YOU ARE HERE: LAT HomeCollections

Fund-Raiser Is Dear to Their Art

December 24, 1987|PAMELA MARIN | For The Times

Five, maybe 10 minutes after Junie Chong glided into the living room of a Lido Isle home Friday night, whispers of sausage rolls and fried won ton and "the most heavenly shrimp toast in the world " filled the air.

"The Chinese say there is something special in everyone's kitchen," Chong said as she flitted from guest to guest, bearing a tray of her homemade delicacies.

Judging by the culinary contributions of Chong and colleagues to a fund-raiser for the Museum Council of the Newport Harbor Art Museum, the Chinese are right.

The buffet table at the dockside home boasted a veritable United Nations of appetizers prepared by council members, including Sally Crowe's rumaki, Franceen Webb's spinach fritata, Esther Quick's stuffed grape leaves and Barbara Mitchell's shrimp mousse with jicama wedges.

Alison Baker-Frenzel smiled as she plucked a jicama slice from the spread. "I would never have thought of using jicama with a dip," she said, biting into the snow-white root. "What a wun-n-n-derful idea!"

The soiree (held in an antique-filled home whose owners requested anonymity) drew 75 casually dressed guests at $30 each for cocktails, noshes and a panoramic view of the Newport Harbor boat parade. It was the second of a two-part effort to raise money for the 136-member council's latest project: a consignment shop to benefit the museum. (The night before, 20 guests paid $50 each to cruise the harbor in Bob Lorenzetti's 60-foot ketch "Heartlight.")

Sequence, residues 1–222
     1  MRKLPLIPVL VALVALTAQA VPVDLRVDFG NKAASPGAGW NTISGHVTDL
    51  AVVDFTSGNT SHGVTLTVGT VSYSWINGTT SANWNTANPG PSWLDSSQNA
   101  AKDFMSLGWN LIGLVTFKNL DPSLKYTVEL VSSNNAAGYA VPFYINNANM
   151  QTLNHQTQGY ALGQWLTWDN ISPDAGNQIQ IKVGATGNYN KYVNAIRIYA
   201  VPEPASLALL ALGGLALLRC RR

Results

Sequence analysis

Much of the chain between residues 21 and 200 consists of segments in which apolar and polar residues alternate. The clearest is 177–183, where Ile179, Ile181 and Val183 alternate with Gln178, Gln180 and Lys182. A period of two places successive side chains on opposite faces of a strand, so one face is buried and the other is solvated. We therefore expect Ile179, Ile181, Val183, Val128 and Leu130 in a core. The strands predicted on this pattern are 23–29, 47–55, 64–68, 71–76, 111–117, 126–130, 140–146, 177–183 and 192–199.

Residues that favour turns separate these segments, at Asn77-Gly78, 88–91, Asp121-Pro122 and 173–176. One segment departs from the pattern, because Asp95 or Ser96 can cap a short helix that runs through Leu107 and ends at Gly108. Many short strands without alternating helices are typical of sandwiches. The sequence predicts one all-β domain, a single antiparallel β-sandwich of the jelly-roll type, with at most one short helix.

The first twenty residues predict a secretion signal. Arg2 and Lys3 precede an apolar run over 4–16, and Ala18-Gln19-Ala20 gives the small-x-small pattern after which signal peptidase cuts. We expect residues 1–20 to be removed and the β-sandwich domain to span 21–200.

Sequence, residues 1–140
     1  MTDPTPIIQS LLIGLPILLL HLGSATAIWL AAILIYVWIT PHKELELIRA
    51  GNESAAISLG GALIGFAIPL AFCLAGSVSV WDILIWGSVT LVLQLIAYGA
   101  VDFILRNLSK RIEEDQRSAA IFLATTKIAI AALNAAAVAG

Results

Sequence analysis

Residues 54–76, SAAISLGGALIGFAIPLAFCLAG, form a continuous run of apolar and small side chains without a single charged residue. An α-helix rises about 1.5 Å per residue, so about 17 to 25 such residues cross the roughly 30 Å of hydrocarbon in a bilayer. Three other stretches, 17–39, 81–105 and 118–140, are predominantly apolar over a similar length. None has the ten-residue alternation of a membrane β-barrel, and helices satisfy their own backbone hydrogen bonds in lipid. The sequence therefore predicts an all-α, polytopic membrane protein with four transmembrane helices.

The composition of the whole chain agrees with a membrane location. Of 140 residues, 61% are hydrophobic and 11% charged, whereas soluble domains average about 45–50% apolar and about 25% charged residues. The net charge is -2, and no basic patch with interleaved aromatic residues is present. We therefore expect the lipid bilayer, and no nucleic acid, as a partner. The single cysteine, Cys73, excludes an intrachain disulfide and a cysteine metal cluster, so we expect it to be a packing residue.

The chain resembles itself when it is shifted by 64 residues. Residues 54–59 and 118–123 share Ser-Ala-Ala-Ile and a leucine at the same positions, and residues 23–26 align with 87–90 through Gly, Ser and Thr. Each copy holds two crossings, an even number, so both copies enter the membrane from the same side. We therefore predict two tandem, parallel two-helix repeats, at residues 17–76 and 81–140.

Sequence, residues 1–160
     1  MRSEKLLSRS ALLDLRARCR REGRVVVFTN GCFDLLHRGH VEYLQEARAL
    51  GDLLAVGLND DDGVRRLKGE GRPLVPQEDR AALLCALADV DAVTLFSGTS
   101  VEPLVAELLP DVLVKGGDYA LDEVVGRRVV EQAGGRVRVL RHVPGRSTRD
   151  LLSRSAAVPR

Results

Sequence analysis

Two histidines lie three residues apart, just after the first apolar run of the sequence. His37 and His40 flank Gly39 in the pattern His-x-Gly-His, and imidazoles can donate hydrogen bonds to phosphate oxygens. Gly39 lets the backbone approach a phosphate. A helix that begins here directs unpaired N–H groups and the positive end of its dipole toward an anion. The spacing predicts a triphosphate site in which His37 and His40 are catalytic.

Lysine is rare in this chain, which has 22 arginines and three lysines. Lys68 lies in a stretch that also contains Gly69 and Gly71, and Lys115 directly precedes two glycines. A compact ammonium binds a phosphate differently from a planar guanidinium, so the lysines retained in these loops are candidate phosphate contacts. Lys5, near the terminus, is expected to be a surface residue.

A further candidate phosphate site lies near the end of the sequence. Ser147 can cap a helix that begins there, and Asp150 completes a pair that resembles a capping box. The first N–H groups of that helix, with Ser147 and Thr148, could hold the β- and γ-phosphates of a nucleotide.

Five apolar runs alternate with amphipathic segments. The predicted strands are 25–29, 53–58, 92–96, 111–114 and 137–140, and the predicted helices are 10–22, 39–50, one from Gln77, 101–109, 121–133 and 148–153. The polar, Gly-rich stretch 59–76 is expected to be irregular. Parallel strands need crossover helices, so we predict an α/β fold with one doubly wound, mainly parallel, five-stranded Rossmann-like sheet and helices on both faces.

"If everything goes as planned, we'll open our shop in the spring," said Sandra Beigel, council president. Beigel said she and members had been planning the shop--which will carry antiques, china, silver, crystal and collectibles ("no junk!")--for a year. They got their inspiration from a consignment shop in Rancho Santa Fe that Beigel and council members Quick and Nora Lehman visited earlier this year.

The project was approved by the museum board of trustees in October, according to board president Rogue Hemley, who--with wife, Judy--was among guests admiring colorfully lit craft gliding past a wall of picture windows.

Event chairwoman Peggy Spiess said the council was shooting for $50,000 start-up money for the shop.

"We've already looked at a few possible locations," Spiess said. With a twinkle in her eyes, Spiess added that the group had pitched its project to the Irvine Co., owners of Fashion Island, "and they were very receptive, but we haven't gotten an answer yet. Maybe they'll just say, 'We have a little shop we're not using.' "

Beigel said the shop's "first merchandise will probably come from our members. I know I'm taking a look at everything in my home," she said, laughing. "This is an opportunity to clear out space and make room for new things!"

Los Angeles Times Articles